Australia was considered to be a soft option by prospective Sri Lankan boatpeople, Mr Aluthge said. "I think you have a very lenient asylum policy," he said. "These people, they want to go to a country where asylum policy is very lenient, where it is easy (to obtain) citizenship, easy to get welfare benefits from the host government," the Sri Lankan official said.

Mr Aluthge said neither Tamil nor Sinhalese Sri Lankans had any grounds for claiming asylum in Australia now the country's bloody civil war had ended.

Since 2009, almost 1000 Sri Lankans, mostly minority Tamils, have arrived in Australia by boat.

All told, they comprised about 20 per cent of the total number of boatpeople to arrive as part of the present surge.

"The successful people informed their friends about Australia - to come there and you can earn something and you can get political asylum very easily," Mr Aluthge said. "They motivate with this information."

However, Mr Aluthge said there had been a decline in boats leaving Sri Lanka for Australia. "We have an awareness campaign. There are police very alert. We have established a coast guard department," he said. "And . . . now the war is over, the entire navy can work with the coast guard."

Most smuggling rings in Sri Lanka were organised out of Colombo or the Negombo region north of the capital, he said. But the market is mostly Tamils in the northern part of the country.

Mr Aluthge said the organisers paid agents across the country to recruit passengers, sometimes even guaranteeing their debt for the journey, which could run from $5000 to $10,000. "They sometimes mortgage their properties, sometimes they get bank guarantees," he said.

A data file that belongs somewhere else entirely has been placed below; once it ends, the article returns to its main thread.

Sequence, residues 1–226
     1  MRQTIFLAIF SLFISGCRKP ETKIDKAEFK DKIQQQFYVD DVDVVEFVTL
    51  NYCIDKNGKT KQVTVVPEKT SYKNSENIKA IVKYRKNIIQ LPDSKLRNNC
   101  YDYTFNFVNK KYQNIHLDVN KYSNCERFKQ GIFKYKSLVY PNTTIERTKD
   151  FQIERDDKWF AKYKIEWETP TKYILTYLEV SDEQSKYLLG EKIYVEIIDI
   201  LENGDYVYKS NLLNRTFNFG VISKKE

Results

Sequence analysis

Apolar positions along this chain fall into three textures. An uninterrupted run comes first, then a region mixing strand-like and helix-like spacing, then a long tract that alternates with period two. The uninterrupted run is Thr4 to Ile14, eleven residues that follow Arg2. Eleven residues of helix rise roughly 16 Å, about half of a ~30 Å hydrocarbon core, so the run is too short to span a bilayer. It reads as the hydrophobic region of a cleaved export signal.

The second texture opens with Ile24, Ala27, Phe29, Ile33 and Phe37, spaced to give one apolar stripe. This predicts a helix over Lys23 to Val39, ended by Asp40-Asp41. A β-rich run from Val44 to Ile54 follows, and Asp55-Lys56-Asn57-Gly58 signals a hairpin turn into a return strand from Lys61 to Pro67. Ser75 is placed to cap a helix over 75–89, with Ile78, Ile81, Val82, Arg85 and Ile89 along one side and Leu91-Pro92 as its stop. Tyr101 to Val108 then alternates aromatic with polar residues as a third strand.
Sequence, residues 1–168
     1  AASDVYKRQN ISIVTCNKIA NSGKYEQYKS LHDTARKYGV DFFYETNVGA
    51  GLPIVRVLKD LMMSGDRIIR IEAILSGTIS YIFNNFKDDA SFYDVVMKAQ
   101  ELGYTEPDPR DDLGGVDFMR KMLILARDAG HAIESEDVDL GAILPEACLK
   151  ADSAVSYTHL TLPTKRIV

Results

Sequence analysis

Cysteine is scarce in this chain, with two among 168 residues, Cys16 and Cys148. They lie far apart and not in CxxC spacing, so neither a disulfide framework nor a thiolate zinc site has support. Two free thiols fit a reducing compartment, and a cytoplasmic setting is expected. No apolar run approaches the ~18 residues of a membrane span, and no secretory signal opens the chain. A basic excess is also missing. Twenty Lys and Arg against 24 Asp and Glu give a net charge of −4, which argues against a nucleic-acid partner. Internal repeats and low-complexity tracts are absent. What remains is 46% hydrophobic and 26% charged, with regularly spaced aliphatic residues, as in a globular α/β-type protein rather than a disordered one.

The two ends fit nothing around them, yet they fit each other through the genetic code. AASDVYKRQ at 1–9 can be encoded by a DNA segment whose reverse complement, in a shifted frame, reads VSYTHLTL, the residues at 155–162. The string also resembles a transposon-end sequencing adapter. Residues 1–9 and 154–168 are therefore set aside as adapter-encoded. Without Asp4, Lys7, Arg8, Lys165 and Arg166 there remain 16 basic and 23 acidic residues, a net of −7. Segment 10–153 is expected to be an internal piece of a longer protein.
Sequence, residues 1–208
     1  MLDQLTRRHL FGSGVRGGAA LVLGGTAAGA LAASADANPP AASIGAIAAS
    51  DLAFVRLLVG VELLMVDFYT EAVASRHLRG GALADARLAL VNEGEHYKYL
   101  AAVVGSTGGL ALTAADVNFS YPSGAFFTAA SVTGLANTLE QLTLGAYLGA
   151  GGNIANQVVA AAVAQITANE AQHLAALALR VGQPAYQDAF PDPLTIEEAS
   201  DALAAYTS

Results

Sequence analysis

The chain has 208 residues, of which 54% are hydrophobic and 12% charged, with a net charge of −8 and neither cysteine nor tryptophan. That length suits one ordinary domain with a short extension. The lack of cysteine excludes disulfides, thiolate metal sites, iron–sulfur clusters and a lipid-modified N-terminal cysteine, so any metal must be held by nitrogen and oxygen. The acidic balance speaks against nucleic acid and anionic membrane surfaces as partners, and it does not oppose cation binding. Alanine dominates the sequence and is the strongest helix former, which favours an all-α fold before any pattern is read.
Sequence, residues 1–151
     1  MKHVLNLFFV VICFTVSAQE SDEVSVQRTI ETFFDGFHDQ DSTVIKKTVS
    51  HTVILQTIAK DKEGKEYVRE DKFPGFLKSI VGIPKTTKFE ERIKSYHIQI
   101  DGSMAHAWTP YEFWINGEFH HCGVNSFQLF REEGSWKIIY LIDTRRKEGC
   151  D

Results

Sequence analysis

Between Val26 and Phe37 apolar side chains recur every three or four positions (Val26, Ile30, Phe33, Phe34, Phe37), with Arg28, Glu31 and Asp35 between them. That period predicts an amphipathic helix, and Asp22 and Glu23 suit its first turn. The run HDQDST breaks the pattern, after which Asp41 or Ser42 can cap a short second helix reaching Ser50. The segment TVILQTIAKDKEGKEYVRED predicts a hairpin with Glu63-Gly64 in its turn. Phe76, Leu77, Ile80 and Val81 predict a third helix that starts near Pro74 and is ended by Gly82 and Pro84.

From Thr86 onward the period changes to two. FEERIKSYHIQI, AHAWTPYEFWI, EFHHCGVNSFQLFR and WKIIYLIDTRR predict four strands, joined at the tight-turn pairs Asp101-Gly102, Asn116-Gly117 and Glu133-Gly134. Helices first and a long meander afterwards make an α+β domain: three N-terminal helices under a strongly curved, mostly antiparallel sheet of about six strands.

Token Crackdown on disability pension racket

WITH around 778,000 Australians on disability pensions and the number rising steadily, the Rudd government will today announce tougher rules that will make 6500 people ineligible for the payment.

Paying disability pensions costs the commonwealth more than $11 billion a year, and that sum is expected to reach $13.2bn in just two years.

Under today's changes, 6500 disability support pensioners will be judged to be capable of work but an additional 1500 people will become eligible to receive the welfare benefit.

The net reduction in DSP recipients by 5000 is a first step in slowing the rate at which the system is ballooning. Those no longer eligible for the payment may be able to apply for the dole.

The government will also close a loophole for people on the DSP who live permanently overseas but who return to Australia every 13 weeks in order to retain their pension. That will take effect from January next year.

The new assessment process includes an overhaul of so-called impairment tables used to measure how a person's disability affects their ability to work.

Impairment tables are used by doctors to make their assessment of a person's work capacity, with points allocated to particular disabilities. A person must accumulate a certain number of points to be granted the DSP.

The growing number of people on disability pensions is a growing problem for the Rudd government because it has become a parking lot for those who are out of work, particularly mature workers, in times of rising unemployment.

During the recession between 1990 and 1993, the number on disability pensions rose from 300,000 to 400,000. At the end of December last year, 777,725 Australians were on the DSP.

Community Services Minister Jenny Macklin said it was essential that the level of a person's impairment was assessed using the most up-to-date medical information.

The current impairment tables were last comprehensively reviewed in 1993 and were not consistent with contemporary medical and rehabilitation practices, she said.

Ms Macklin will also establish a new Health Professional Advice Unit within Centrelink to give DSP assessors independent advice. That would include advice on suitable treatment to help someone return to work and on assessment of borderline claims.

The government believes that over the years, the impairment tables have led to anomalies and inconsistencies which have distorted the assessment process.

For example, when hearing impairment is assessed, a person with a hearing aid is not required to wear it, but someone who is having sight assessed must wear glasses.